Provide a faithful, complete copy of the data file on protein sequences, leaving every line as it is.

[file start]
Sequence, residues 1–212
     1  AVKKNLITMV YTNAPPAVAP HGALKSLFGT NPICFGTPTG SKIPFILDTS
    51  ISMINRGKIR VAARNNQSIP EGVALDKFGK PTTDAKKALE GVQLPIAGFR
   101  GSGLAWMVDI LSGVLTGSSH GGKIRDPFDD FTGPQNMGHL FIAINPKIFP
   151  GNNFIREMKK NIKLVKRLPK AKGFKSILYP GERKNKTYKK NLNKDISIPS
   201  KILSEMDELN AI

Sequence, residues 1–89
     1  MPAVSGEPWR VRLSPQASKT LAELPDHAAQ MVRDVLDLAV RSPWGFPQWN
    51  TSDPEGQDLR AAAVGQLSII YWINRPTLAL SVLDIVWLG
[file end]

Sequence, residues 1–212
     1  AVKKNLITMV YTNAPPAVAP HGALKSLFGT NPICFGTPTG SKIPFILDTS
    51  ISMINRGKIR VAARNNQSIP EGVALDKFGK PTTDAKKALE GVQLPIAGFR
   101  GSGLAWMVDI LSGVLTGSSH GGKIRDPFDD FTGPQNMGHL FIAINPKIFP
   151  GNNFIREMKK NIKLVKRLPK AKGFKSILYP GERKNKTYKK NLNKDISIPS
   201  KILSEMDELN AI

Sequence, residues 1–89
     1  MPAVSGEPWR VRLSPQASKT LAELPDHAAQ MVRDVLDLAV RSPWGFPQWN
    51  TSDPEGQDLR AAAVGQLSII YWINRPTLAL SVLDIVWLG